Key among the worst offenders again is New York City, especially LaGuardia. Matt Chaban at the New York Observer recently wrote a piece that is a good overview of the depressing state: “Terminal Condition – How New York’s Airports Crashed and Burned.”

This is certainly not news to anyone who has flown to New York. But again, the vast billions it would take to replace these decrepit facilities is only part of the problem. Nobody forces America to put its passengers through the “TSA experience.” Last time I flew I was delayed at security while agents patted down some guy that looked like he was around 85 years old who apparently hadn’t stripped down quite far enough to go through the full body scanner. Somehow other advanced nations manage to run safe air travel systems without resorting to this.

While we are waiting around for funding issues to be resolved, wouldn’t it be nice if our governments and various travel companies actually focused on fixing some of these straightforward problems with coordination, ticketing, and customer service? It’s hard to take their capital requests seriously if they aren’t going to do what they can now.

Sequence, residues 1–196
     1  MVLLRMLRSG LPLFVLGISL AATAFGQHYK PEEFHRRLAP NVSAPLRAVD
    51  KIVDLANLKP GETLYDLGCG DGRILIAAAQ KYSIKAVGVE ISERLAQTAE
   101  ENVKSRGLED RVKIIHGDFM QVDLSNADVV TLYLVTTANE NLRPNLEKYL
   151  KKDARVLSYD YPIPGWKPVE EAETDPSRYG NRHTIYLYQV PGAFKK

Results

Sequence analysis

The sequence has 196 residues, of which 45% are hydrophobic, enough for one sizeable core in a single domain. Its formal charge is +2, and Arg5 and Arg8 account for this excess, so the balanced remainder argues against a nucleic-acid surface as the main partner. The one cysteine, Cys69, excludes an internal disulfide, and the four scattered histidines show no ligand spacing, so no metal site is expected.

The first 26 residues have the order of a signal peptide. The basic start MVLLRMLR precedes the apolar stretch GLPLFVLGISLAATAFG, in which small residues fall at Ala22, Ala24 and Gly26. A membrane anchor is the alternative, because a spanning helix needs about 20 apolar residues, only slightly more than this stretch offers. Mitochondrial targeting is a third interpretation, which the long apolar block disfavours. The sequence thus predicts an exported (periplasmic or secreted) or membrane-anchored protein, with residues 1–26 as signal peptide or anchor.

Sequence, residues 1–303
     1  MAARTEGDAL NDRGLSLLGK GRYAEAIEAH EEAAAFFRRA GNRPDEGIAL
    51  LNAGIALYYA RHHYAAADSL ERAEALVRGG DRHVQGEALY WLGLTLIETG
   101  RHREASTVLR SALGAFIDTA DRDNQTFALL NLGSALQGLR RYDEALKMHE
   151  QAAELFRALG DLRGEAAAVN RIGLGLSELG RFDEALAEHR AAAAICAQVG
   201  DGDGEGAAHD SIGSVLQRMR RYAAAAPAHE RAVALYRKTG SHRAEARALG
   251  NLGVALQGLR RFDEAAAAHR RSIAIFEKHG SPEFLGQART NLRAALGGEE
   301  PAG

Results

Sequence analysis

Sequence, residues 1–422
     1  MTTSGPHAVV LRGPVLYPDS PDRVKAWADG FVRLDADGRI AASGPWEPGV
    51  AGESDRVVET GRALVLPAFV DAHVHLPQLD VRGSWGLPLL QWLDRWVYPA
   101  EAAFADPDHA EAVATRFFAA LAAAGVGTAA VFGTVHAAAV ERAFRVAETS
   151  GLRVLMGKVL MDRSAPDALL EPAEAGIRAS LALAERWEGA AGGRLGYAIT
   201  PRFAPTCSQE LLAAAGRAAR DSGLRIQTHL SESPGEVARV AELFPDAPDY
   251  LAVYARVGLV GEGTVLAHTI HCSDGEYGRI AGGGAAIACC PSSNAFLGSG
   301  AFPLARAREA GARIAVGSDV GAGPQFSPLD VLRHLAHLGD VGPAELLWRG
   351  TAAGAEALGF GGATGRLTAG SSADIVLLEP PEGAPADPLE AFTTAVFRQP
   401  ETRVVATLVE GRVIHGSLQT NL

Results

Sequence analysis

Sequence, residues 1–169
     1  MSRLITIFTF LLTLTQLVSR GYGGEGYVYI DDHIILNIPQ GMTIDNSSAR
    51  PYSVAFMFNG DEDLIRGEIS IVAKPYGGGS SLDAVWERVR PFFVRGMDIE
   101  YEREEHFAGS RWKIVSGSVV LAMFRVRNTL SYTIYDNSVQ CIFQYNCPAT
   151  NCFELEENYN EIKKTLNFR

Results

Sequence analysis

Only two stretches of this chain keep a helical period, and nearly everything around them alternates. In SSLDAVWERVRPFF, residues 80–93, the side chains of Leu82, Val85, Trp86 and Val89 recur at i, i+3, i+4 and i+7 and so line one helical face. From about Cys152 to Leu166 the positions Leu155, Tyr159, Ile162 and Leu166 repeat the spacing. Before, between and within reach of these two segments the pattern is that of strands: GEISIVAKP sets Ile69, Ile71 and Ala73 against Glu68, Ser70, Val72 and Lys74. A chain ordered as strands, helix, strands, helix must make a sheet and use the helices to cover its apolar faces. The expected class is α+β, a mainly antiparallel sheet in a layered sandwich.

32 Comments
Topics: Transportation
Cities: New York

32 Responses to “The Sorry State of American Transport”

  1. This is a great post. I wholeheartedly agree.

  2. Danny Handelman says:

    If appropriate user fees were imposed for the least efficient modes of transportation (airports, roads, bridges, highways), and the government subsidies of these modes of transportation were shifted toward the most efficient and fiscally conservative modes of transportation infrastructure (rail, buses, sidewalks, cycling), all transportation infrastructure would be appropriately funded. Unfortunately, politicians perceive this to be political suicide, and likely are the greatest users of the least efficient modes of transportation.

  3. Eric says:

    European airport security is only slightly less annoying and intrusive than in the US, and both are trending in the same direction.